Grier files licensing requirement reduction bill

JEFFERSON CITY, Mo. — State Rep. Derek Grier has launched a comprehensive initiative to provide Missourians with relief from Missouri’s burdensome licensing requirements.

Grier filed two pieces of legislation during the bill pre-filing period that would encourage entrepreneurial growth and fuel employment. Grier said his goals with the bills are to make Missouri a more desirable place for businesses and skilled employees, and get government off the backs of hard-working Missourians, particularly lower income workers who are adversely affected by occupational licensing.

In pushing for the reforms, Grier cited the Washington and Lee Law Review, which noted that “Occupational licensing statutes primarily harm individuals who have the greatest need for economic opportunity: minorities, poor workers, the less educated, and people re-entering the workforce.”

“I think we need to look at the true purpose of occupational licenses, which is to protect the public’s safety and well-being, and make sure our laws reflect that. We need to make sure they are not set up to protect industry insiders, special interests, and their pocket books at the expense of Missouri workers,” said Grier, R-Chesterfield.

Grier filed House Bill 1710 to allow for reciprocity of professional licenses with other states. Under the bill, Missouri would recognize professional licenses and certifications from other states that have substantially similar training and educational requirements. Grier said the change would reduce barriers to entry and make it easier for folks to immediately get back to work without burdensome and stifling restrictions requiring repetitive or duplicative education.

In support of the bill, Grier pointed to a study produced by the Women’s Foundation and MU Institute of Public Policy entitled ‘Occupational Licensing and Women Entrepreneurs in Missouri.’ The study found that “Occupational licensing in Missouri and throughout the U.S., which is intended to protect the safety and well-being of the public, can often create barriers for entrepreneurs by restricting entry and re-entry into professions, reducing employment, and creating economic inequity.” As part of the study, one of the primary recommendations was to “Increase Reciprocity to broaden reciprocity provisions to all licensed professionals.”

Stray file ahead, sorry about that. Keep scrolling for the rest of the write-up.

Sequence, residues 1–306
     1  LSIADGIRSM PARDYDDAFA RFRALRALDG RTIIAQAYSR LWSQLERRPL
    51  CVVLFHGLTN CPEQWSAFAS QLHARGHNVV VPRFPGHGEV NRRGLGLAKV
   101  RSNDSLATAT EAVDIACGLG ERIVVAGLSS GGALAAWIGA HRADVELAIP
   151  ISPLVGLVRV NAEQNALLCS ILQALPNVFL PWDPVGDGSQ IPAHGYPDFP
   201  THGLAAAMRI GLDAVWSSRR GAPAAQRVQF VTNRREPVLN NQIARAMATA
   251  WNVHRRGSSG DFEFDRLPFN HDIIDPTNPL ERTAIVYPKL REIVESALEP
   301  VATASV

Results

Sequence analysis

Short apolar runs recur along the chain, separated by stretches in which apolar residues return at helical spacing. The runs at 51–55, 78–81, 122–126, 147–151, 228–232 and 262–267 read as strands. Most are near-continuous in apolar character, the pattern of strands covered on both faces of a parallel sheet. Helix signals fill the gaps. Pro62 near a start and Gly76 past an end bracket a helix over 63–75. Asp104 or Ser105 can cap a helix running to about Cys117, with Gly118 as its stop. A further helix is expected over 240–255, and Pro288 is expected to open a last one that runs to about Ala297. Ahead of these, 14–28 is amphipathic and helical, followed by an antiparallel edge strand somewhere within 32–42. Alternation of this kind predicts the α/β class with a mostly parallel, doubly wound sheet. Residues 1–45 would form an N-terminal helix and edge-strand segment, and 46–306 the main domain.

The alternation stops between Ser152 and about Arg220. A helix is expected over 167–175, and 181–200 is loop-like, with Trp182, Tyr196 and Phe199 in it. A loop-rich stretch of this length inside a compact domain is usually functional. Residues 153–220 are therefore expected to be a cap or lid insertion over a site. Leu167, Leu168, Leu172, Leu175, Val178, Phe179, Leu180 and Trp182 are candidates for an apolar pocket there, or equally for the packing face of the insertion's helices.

“This common sense revision will get government out of the way and open the door for additional economic opportunity for Missourians. We are not going to allow industry insiders and lobbyists to advance their personal interests over hard working Missourians anymore,” said Grier, who added that the bill would make Missouri a more desirable place for business and attract skilled workers by recognizing their existing training and professionalism.

Grier also introduced HB 1719, which would discontinue any age restriction for individuals over the age of 18 for Missouri professional licenses with the exception of gaming licenses.

“With this much-needed change, Missouri government will no longer tell a soldier returning from war, that while the military may have trusted them to maintain an aircraft carrier, Missouri does not trust them to move a toilet because they are not old enough,” Grier said.

He added, “Age restrictions are arbitrary and create barriers to entry for those who wish to advance their career through skilled work and education. If an individual has the wherewithal to learn the skills necessary to adequately perform a job, Missouri is going to let them get to work. We need more young people with personal dedication, perseverance, and work ethic. Let’s not discourage them from doing great things.”

Grier’s legislation will receive consideration from his colleagues in the Missouri General Assembly when the legislature convenes for the 2018 legislative session on Wednesday, Jan. 3.

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